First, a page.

Photo credit: pippalou from
Easter has been and gone and I’ve managed to get rid of the evidence of eating chocolate! Does this sound familiar to you? We all have our own way of keeping on track as far as healthy eating (or not) goes.Our rules we adhere to that give us a feeling of being in control of what and when to eat. But, how about if we didn’t need the rules? What if we just went back to enjoying food, just as toddlers enjoy and experience new tastes, textures and know when they are full up. That’s what I’m working on now. A whole new course that will teach you why you eat like you do and have the attitude you do towards food and then, more importantly, how to achieve the eating habits you desire and stay on track for the rest of your life. This course will look at, inner dialogue, behavioural change, nutrition advice, the psychology behind how we eat today, some practical tips and techniques that will give you the confidence to regain control of what you eat, how much you eat, when you eat…….. and choices you make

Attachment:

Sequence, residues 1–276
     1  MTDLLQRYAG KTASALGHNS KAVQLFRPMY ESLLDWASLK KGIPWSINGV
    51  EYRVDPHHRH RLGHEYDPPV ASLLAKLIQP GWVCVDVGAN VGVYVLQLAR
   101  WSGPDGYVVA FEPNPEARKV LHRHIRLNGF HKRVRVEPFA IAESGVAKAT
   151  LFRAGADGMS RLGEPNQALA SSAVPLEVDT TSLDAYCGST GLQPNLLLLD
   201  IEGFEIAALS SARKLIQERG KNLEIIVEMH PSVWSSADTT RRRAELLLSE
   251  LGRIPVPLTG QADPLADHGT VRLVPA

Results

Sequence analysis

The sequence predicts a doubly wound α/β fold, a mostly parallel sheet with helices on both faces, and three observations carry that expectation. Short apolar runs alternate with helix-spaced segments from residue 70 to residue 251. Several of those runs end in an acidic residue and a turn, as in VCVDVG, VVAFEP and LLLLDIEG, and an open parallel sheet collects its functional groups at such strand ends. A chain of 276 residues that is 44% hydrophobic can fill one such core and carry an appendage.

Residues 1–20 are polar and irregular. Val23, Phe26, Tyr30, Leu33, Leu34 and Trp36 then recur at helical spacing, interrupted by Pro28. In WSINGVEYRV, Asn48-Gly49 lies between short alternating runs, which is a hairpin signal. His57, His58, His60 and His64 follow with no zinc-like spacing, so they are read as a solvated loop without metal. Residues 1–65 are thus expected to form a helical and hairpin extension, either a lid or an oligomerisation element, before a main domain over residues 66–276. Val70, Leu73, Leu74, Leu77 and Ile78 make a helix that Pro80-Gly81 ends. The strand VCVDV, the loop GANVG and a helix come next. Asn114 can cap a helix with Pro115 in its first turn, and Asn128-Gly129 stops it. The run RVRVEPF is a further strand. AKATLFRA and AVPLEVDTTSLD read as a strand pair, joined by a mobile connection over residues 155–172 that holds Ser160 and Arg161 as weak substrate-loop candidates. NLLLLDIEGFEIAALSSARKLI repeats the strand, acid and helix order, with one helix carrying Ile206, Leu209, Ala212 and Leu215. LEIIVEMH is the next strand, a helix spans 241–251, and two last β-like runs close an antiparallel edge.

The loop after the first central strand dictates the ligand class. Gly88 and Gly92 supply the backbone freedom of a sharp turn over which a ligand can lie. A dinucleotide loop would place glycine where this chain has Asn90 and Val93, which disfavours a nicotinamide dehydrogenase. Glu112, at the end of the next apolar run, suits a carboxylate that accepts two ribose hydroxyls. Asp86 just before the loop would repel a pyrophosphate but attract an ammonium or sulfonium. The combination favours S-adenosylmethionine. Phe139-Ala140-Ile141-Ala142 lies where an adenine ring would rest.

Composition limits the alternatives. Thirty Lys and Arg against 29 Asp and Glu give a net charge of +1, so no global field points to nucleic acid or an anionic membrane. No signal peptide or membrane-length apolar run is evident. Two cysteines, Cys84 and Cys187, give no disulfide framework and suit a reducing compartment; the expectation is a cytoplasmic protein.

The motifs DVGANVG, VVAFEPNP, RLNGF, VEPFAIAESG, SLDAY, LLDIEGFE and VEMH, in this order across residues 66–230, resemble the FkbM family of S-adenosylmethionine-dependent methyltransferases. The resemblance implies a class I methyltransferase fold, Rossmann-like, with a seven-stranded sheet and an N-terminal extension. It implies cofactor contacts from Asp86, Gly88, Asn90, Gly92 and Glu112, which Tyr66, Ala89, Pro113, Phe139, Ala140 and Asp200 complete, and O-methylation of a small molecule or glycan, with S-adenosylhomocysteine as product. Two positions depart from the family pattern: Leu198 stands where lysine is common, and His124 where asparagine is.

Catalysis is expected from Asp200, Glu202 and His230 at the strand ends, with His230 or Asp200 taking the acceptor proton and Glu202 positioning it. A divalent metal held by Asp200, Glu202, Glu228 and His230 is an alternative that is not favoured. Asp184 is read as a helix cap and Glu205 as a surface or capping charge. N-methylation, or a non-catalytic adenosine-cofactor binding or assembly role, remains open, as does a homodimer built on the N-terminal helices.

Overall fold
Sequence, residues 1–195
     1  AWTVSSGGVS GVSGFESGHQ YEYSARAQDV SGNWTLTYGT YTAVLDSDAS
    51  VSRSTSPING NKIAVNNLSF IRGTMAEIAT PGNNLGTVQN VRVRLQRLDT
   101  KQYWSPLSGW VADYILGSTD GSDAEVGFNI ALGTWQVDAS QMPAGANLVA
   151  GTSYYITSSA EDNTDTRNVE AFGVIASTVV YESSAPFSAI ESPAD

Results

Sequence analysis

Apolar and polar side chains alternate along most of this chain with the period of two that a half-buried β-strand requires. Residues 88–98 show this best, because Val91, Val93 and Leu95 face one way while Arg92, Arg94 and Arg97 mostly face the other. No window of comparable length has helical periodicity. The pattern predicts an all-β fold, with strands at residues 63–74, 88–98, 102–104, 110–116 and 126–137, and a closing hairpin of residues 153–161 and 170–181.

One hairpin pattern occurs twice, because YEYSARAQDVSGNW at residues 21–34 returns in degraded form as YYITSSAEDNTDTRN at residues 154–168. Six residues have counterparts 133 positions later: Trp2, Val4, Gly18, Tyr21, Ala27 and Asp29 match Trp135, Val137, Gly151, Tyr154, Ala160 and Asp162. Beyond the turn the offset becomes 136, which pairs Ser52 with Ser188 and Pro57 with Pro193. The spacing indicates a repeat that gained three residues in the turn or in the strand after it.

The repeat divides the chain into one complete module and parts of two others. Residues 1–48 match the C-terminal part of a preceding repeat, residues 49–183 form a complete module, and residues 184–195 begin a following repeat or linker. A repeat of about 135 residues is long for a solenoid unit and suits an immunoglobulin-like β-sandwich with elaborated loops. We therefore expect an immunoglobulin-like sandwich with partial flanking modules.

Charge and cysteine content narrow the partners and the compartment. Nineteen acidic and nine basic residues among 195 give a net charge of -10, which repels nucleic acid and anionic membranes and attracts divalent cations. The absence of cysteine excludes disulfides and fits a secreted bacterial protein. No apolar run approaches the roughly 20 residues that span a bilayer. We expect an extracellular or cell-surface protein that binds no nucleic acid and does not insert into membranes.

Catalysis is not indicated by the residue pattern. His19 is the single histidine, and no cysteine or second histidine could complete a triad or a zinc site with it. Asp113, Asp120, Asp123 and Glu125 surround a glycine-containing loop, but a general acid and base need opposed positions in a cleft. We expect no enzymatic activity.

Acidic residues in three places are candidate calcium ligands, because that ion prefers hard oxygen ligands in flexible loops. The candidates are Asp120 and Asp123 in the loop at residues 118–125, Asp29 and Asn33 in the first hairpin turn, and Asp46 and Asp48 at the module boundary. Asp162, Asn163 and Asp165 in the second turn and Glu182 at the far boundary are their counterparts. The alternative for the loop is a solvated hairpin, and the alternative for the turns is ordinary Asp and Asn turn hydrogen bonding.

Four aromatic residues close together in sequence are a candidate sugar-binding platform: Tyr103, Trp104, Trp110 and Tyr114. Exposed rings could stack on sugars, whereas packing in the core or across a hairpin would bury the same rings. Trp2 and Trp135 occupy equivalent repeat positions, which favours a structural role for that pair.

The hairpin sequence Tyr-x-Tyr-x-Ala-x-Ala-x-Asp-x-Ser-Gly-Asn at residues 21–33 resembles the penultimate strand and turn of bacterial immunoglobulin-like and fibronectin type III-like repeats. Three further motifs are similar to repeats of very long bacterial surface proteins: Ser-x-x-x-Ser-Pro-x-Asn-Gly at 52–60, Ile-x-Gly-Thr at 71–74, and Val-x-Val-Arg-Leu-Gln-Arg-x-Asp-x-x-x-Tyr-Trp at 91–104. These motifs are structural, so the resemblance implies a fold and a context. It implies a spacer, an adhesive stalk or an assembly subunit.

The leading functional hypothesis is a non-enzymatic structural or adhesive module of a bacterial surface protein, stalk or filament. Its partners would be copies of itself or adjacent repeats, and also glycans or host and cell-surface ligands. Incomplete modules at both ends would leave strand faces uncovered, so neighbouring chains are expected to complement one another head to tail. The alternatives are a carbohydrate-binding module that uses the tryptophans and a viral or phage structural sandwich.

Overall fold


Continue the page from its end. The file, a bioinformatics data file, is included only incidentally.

You can download a self hypnosis MP3 to start you on the right track today or let me know if you’re interested in a course in the near future.

A few statistics:

The average intake of sodium is on a downward trend but was still 82 per cent above the recommended maximum Reference Nutrient Intake of 2.4 grams per day in 2012

Rural areas tended to purchase larger quantities of food and drink than urban areas, therefore the energy and nutrient intakes derived from these purchases was greater in rural areas.

Household purchases of fresh and processed vegetables (excluding potatoes) have generally been declining since 2005, with a 6.1 per cent fall from 1,156g to 1,086g average weekly consumption per person. This has mainly been due to a decrease in purchases of fresh vegetables, which account for roughly 70 per cent of all vegetable purchases.
Reference – accessed on 8.4.2015